Maintenance
Packaging
Logistics
Quality Control
Retrofit
In the beginning, the aforementioned survey was conducted to gain general
requirements from the industry [2]. Detailed requirements were elaborated by a
processes analysis of the industrial partner in the consortium. Based on those, To-Be
scenarios were derived which reflect optimal service processes [3]. Furthermore, a
methodology was developed in order to analyze Service Cost Drivers in the service
processes [4]. Resting upon these findings, the design of the IRM was constructed
which addresses particularly Best-Practices and Performance Metrics [5].
Since the term Best-Practice is not strictly defined in the scientific community,
Coordination Mechanisms and Collaboration Strategies were examined on detailed
level in order to compile them to Best-Practices. First, Coordination Mechanisms and
Collaboration Strategies were identified and adapted to the Service Domain [6].
Based on these findings, business processes were developed for the service processes
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Peter Osadsky, Amit Garg, Bogdan Nitu, Oliver Schneider and Stefan Schleyer
and adequate information systems were designed [7]. Finally, they were evaluated
quantitatively in order to get detailed information about their current use in practice.
In the end, major findings were compiled in more than 100 Best-Practices.
In order to evaluate the service processes, a Performance Measurement System
(PMS) was developed with according indicators. The progress of the development
started with a comprehensive literature research of existing PMS [8]. The identified
indicators were collected and aggregated into an innovative PMS for the service
domain which addresses several perspectives such as the satisfaction of service
provider and customer, the service object and the service delivery process.
Altogether more than 300 indicators were collected that cover quality, time and cost
dimensions [9].
The aforementioned Best-Practices and the PMS were developed in close
cooperation with the industrial partners of the consortium. To ensure a high quality
of the IRM, each of the business processes has to be standardized regularly
according to the findings of the workpackages and to industrial experiences. To
ensure a durable solution for these tasks, the Technical Steering Committee (TSC)
was constituted with representatives of all research partners, SKF, H20 and Comau.
In addition to the standardizing activities of the TSC, it is in charge of the acceptance
of new processes in the IRM.
Summarizing, the IRM covers more than 100 Best-Practices, 300 indicators and
covers service process for maintenance, packaging, logistics, retrofit and quality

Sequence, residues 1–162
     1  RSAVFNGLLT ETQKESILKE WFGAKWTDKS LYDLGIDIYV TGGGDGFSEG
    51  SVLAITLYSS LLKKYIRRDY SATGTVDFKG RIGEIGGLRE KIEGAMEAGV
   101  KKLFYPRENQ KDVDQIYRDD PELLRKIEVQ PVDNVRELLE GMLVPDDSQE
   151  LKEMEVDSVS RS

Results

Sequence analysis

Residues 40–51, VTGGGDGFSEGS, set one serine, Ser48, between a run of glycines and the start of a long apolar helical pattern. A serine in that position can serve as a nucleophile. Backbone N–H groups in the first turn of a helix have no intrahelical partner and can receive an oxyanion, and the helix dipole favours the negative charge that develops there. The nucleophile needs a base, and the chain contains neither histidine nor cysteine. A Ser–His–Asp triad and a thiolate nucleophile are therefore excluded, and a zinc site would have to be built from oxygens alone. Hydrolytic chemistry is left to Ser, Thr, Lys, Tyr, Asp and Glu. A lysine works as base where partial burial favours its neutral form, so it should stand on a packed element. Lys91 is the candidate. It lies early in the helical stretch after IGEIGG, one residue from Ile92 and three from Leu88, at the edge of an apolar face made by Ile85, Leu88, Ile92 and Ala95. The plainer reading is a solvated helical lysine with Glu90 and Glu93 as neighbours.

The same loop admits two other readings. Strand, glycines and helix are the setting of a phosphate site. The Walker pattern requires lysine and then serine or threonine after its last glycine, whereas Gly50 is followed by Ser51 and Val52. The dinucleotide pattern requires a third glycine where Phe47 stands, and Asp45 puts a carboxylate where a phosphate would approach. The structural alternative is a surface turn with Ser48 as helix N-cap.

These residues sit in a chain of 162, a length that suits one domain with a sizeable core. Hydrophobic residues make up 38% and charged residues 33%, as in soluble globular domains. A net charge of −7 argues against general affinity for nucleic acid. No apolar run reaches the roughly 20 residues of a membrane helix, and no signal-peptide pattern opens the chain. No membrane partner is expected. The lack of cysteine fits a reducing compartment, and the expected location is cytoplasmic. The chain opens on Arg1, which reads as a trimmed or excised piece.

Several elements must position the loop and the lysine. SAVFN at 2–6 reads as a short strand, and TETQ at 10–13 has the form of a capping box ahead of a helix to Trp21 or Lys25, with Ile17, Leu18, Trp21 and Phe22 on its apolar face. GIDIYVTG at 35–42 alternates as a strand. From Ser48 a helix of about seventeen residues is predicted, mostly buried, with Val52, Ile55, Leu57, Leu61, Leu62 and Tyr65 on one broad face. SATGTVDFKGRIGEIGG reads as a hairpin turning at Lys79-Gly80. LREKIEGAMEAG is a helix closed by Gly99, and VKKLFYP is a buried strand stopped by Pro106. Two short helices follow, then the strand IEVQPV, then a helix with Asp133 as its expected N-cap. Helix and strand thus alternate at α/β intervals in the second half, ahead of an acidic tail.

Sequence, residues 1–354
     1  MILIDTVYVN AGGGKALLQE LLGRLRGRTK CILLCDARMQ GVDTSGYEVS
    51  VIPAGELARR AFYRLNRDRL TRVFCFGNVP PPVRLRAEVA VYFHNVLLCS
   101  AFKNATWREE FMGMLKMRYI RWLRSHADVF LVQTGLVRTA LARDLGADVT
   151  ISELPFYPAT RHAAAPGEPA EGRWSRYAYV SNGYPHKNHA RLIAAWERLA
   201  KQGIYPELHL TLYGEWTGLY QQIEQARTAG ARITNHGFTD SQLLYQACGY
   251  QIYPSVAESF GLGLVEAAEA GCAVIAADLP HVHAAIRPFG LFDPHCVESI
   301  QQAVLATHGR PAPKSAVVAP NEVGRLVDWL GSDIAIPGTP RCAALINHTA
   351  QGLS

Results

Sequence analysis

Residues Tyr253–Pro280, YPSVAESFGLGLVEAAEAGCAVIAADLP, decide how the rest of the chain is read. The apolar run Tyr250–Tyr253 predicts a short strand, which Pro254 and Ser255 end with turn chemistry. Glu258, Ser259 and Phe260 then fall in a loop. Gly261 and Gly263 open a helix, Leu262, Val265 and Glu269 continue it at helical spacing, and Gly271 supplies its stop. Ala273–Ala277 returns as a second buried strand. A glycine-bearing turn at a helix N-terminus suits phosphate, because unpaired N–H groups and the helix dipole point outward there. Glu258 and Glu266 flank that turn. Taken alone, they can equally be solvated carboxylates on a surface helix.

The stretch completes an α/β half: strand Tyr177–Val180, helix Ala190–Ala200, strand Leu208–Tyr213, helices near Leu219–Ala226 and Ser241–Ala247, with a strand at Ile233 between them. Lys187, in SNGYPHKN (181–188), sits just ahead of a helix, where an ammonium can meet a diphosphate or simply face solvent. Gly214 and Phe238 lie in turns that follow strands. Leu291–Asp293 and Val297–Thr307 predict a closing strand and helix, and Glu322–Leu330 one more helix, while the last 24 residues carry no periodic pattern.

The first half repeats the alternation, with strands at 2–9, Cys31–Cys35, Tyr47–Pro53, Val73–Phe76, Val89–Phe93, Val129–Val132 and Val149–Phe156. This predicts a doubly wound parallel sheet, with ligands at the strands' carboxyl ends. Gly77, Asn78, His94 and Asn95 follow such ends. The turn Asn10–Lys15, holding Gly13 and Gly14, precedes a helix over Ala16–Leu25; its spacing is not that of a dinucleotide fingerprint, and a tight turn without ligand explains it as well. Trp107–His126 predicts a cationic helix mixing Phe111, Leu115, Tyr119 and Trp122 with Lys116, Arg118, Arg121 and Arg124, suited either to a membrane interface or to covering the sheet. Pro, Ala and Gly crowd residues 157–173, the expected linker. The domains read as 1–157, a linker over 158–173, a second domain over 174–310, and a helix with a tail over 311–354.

control. At the moment more than 50 process elements are developed so far for the
IRM.
2 The InCoCo-S Reference Model
2.1 Structure
The IRM is structured hierarchically. On the first level, a reference guideline is given
for superior activities of services. The second level offers business related adoptions
of the Level 1 activities. The 3"^^^ and last level covers each of the Level 1 and Level 2
processes on a more detailed level of the service provider.
Improving Service Operation Performance by a Cross-industry Reference Model
401
Figure 3: Structure of the IRM
The differentiation between Plan, Adapt, Build and Operate activities on level 1 is
a basic feature of the IRM that is continued on each of the three Levels. Plan
activities consist of preparatory work for Adapt, Build or Operate activities. Adapt
activities address all processes from the customer inquiry to the signed service
contract. Processes that have to do with resource allocation in order to prepare the
service installation at the customer are defined as Build activities. Finally, Operate
activities describe all processes along the service delivery.
2.2 Process Interactions
For each of the Adapt, Build and Operate activities, process interaction diagrams
were elaborated which depict the available set of Level 3 processes as shown in
figure 4.
Figure 4: Plan Interaction diagram of the Adapt Phase of the IRM
The interaction diagram describes Level 3 processes for PLAN and EXECUTES
activities. The PLAN activities cover all the processes that are necessary to create a
service offer. Therefore, the customer requirements and the resources of the service
provider are identified and priorized first. Afterwards, they will be matched with one
another in order to establish a service plan. This plan is the basis for a service offer
that will be given to the customer.
The EXECUTE activities encompassed value-added processes in the service
supply chain. In the ADAPT Phase, these ones are defined as the Customer Inquiry,
the Configuration of the Services for the Customer and the Negotiation und
Finalizing of the Service Contract by both parties.
The Interaction Plan in figure 3 do not encompasses interdependencies of the